PRINT November 1988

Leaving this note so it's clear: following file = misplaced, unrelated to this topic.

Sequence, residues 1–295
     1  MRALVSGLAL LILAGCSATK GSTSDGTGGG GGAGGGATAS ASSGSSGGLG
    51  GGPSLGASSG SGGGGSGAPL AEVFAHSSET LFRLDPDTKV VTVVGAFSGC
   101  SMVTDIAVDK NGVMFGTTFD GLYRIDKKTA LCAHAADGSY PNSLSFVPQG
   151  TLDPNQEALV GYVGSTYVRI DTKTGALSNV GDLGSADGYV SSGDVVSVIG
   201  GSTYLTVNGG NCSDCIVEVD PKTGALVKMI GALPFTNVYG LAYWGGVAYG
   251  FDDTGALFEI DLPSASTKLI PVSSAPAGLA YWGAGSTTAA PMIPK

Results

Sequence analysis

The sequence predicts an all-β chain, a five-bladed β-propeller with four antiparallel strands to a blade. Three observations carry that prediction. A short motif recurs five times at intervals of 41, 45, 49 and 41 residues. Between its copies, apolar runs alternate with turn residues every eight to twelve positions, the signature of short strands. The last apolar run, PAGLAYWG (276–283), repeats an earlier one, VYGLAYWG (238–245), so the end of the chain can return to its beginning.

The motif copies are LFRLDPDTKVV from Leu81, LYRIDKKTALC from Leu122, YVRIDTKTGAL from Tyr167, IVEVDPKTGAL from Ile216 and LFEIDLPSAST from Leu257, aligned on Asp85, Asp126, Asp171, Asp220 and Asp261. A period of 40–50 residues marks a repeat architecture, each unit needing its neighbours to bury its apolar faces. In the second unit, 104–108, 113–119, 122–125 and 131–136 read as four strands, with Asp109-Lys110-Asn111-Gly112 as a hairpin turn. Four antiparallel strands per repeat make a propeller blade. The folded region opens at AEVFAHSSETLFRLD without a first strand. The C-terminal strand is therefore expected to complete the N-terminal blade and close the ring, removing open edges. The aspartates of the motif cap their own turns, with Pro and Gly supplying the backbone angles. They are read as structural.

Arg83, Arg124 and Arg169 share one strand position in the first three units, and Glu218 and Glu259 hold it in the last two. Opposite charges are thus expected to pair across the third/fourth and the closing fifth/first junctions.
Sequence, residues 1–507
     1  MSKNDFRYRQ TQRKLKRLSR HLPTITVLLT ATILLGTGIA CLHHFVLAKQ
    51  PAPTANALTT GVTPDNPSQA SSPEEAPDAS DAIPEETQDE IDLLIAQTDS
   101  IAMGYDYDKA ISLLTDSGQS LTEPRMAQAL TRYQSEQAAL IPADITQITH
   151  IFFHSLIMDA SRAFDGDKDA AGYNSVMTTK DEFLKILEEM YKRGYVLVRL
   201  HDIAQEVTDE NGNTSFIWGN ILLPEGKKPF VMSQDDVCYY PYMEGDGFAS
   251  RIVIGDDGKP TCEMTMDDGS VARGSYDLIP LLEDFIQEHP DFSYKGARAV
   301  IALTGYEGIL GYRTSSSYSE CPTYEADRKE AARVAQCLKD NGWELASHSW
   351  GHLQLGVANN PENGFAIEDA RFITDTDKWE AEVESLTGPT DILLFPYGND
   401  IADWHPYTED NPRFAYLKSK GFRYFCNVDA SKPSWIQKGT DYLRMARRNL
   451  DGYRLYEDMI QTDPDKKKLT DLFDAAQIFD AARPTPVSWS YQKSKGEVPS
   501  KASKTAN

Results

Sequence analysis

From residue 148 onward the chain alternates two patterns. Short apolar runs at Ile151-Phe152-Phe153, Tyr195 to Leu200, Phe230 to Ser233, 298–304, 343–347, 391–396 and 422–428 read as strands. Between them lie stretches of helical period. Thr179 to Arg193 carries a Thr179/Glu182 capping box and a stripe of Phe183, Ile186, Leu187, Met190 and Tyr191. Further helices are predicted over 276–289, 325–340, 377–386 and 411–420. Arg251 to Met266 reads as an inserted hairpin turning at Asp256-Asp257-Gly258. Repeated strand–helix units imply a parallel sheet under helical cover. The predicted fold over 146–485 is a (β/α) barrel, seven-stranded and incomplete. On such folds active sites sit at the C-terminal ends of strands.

THE JAPANESE TERM IMAMEKASHI, which might be translated “of the moment,” was coined in the Heian court of the tenth century. It was a term of currency, emphasizing the present, and it was applied by a culture aware that it inhabited a transient world. The early Japanese novelist Lady Murasaki, observing the ritual of the Heian court, would describe every delicacy of the color or cut of cloth in esthetic terms. She filled her prose with the implications of imamekashi as astutely as any contemporary fashion journalist. This concentration on the present, the fleeting moment, is related to and exemplified in Eastern meditative discipline, and is the antithesis of the Western religious mode of suffering through the present to achieve redemption in the hereafter. The pronounced Western fascination with Japan over the last two decades has something to do with an attraction to or hunger for an

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